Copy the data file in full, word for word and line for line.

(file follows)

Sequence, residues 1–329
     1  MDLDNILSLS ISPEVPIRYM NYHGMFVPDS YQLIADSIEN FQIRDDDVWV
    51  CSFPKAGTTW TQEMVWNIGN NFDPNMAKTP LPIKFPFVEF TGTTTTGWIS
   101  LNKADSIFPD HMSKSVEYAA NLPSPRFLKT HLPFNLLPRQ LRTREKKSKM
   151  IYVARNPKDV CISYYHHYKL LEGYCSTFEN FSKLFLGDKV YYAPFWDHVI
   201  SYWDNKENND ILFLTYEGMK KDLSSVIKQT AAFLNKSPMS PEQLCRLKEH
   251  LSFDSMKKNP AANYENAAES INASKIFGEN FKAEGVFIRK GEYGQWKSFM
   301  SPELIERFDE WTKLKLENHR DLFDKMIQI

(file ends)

Sequence, residues 1–329
     1  MDLDNILSLS ISPEVPIRYM NYHGMFVPDS YQLIADSIEN FQIRDDDVWV
    51  CSFPKAGTTW TQEMVWNIGN NFDPNMAKTP LPIKFPFVEF TGTTTTGWIS
   101  LNKADSIFPD HMSKSVEYAA NLPSPRFLKT HLPFNLLPRQ LRTREKKSKM
   151  IYVARNPKDV CISYYHHYKL LEGYCSTFEN FSKLFLGDKV YYAPFWDHVI
   201  SYWDNKENND ILFLTYEGMK KDLSSVIKQT AAFLNKSPMS PEQLCRLKEH
   251  LSFDSMKKNP AANYENAAES INASKIFGEN FKAEGVFIRK GEYGQWKSFM
   301  SPELIERFDE WTKLKLENHR DLFDKMIQI